Dozens of elderly and frail South Koreans set off for North Korea on Monday (April 20) to meet relatives for the first time since they were separated almost seven decades ago by a war that divided the peninsula and their families.
Among the group was Lee Keum-seom, now a tiny and frail 92, who was to see her son for the first time since she and her infant daughter were separated from him and her husband as they fled. They are now 92 and 72 years old, respectively.
"Look", she said. "I used to stare at this photo every single day, wondering when I could meet you". "Oh, I should ask him what his father told him about me".
Lee was split from the rest of her family, including her husband and son, in the middle of the Korean War.
Ninety-three families from both sides of the border had been initially due to hold a three-day gathering from Monday, but four South Korean members cancelled at the last minute because of poor health, the Red Cross said.
But the reunions are often also tinged with frustration, with many North Koreans determined to publicly demonstrate their allegiance to the regime, out of genuine loyalty or just fear.
Tens of thousands of Koreans have reunited since the early 2000s, but Monday's meet and greet was the first of its kind since 2015, after which tensions increased between the countries and reunifications were halted.
The Korean families were torn apart by political strife that ravaged the peninsula following the end of the 1950-53 war - which concluded with a truce rather than a peace treaty - and the North's ramped-up nuclear program.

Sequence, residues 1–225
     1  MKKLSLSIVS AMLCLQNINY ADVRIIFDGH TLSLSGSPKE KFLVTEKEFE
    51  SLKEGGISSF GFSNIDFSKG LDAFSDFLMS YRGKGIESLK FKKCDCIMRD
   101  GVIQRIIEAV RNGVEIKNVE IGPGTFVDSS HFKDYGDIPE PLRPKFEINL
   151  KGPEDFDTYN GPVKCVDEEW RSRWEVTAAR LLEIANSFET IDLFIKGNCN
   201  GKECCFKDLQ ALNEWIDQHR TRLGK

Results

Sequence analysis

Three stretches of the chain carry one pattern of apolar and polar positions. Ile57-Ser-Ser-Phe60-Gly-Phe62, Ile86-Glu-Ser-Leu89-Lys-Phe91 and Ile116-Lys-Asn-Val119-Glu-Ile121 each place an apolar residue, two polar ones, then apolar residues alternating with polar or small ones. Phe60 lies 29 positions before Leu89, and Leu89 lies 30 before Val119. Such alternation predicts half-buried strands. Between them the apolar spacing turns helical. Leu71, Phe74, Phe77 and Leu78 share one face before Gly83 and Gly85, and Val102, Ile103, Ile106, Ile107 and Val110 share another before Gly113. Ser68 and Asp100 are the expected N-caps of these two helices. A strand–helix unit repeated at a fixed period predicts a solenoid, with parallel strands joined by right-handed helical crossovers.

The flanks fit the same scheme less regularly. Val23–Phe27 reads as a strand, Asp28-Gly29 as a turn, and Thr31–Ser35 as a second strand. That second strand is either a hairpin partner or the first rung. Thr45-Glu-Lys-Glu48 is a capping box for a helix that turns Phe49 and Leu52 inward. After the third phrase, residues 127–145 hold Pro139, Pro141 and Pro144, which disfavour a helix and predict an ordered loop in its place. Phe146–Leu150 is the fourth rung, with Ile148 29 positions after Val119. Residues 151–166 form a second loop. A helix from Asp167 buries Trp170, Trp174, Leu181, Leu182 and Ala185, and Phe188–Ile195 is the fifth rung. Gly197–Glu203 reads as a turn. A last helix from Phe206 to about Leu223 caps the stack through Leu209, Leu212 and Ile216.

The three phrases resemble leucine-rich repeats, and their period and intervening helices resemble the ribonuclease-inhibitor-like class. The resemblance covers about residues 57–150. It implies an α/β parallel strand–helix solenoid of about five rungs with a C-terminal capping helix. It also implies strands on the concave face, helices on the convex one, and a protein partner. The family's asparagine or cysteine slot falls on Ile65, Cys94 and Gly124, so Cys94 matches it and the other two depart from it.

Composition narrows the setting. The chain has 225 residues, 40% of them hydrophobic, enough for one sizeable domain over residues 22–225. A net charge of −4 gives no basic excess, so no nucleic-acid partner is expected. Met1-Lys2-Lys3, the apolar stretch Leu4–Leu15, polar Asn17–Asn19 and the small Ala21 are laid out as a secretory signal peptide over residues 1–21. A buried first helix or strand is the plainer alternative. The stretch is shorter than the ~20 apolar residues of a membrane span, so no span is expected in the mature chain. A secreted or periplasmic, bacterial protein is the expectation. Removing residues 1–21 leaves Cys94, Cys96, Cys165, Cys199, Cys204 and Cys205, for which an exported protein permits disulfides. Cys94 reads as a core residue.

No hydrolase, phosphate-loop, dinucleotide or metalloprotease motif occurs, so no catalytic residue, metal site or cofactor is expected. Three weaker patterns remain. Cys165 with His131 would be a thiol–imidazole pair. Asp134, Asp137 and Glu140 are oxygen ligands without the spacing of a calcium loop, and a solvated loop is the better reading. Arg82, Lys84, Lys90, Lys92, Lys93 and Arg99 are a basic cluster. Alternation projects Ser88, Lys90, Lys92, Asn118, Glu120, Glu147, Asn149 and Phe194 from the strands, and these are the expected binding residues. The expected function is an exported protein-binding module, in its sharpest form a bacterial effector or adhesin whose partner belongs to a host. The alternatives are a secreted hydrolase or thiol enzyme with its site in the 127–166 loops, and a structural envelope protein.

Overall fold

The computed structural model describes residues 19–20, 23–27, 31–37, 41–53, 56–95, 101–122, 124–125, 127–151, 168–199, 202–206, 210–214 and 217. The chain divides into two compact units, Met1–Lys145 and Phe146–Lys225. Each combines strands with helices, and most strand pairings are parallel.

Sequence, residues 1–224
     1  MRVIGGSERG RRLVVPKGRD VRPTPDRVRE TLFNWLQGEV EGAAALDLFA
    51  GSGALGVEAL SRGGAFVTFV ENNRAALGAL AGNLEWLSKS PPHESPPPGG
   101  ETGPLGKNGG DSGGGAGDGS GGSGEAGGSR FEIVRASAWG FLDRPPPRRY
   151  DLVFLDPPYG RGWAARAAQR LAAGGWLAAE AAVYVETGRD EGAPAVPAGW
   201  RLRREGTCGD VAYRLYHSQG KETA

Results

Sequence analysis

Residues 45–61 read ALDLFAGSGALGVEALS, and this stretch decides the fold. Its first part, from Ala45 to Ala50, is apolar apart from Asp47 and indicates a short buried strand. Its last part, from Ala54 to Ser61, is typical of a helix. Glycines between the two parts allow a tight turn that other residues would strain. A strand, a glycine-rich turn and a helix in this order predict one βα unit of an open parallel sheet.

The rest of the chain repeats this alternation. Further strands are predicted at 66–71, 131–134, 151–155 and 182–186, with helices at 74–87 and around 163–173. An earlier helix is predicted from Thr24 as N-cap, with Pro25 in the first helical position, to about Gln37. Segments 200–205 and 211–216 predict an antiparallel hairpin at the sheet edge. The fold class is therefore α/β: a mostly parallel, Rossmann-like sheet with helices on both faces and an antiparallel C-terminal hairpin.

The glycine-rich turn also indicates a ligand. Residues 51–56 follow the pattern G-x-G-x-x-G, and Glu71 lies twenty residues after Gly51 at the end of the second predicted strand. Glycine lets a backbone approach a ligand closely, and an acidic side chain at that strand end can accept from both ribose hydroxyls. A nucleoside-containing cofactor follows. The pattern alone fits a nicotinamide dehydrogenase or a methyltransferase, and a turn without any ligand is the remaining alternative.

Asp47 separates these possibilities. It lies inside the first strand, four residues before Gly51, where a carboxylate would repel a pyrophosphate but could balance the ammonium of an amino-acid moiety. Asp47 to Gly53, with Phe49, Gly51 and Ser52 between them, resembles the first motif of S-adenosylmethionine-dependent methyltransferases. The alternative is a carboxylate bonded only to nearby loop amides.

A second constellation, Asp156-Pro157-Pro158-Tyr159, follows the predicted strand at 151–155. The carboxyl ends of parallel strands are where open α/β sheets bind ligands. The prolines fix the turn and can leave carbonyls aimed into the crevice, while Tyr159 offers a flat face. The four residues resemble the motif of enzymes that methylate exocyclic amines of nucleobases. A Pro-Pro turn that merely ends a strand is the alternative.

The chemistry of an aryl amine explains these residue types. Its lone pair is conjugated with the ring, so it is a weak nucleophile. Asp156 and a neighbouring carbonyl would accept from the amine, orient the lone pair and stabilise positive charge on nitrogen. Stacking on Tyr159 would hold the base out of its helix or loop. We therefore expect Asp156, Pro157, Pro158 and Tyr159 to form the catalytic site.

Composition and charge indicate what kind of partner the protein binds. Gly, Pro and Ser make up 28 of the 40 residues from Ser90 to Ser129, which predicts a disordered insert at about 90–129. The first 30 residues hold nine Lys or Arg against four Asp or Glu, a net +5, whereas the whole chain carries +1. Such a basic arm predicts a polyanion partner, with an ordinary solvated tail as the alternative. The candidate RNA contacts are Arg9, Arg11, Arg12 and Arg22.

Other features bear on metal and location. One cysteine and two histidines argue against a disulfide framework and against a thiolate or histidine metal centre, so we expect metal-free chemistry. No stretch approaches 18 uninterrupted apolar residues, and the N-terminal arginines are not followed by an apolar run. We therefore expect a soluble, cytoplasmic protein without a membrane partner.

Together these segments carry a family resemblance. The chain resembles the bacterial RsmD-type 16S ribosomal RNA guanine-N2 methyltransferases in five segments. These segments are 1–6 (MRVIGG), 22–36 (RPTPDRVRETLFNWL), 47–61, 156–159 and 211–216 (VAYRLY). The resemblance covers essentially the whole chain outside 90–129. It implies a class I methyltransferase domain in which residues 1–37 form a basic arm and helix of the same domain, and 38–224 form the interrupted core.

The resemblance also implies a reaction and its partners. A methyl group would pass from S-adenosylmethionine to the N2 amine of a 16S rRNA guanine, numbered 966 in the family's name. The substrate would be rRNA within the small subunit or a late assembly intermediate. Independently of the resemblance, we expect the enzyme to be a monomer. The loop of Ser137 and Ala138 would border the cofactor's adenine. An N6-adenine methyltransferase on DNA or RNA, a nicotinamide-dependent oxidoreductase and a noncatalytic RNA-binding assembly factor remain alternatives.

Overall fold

"It is a shame for both governments in the South and the North that numerous families have passed away without knowing whether or not their lost relatives were alive", South Korean President Moon Jae-in told a meeting with presidential secretaries Monday.
Image The war saw the separation of children from their parents husbands and wives and brothers and sisters
In a meeting with close aides at the Blue House on Monday, Moon stressed the need to hold more reunions and broaden their scale.
Another 337 South Koreans will be granted reunions later this week.
But as those who remember the war grow old, time is running out.
Lee was one of dozens of South Koreans who gathered Sunday at the Hanwha resort hotel, in Sokcho, south of the demilitarized zone (DMZ) which separates the two Koreas, where medical checks were carried out and participants were warned about nuances of visiting North Korea.
North Korea has shifted to diplomacy in recent months.
Kim Kwang-ho, 79, speaks in front of some gifts for his family members in North Korea during an interview at his home in Seoul, South Korea.
"It is a shame for both governments that numerous families have passed away without knowing whether their lost relatives were alive", he told presidential secretaries at a meeting.
The two Koreas have occasionally allowed separated family members to reunite when the rivals' ties have been good.
Han Shin-ja, started wailing once she saw her two daughters - now in their 70s - that she had been forced to leave behind in the North during the war.
About 132,600 Koreans were listed as separated from their families by the end of July. These days, most separated families have no word on whether their long-lost relatives are still alive because their governments bar their citizens from visiting each other across the border or even exchanging phone calls, letters and email. More than 75,000 applicants have already passed away since the reunion process began.More news: Nvidia’s New Range of Graphics Cards Are Insanely Expensive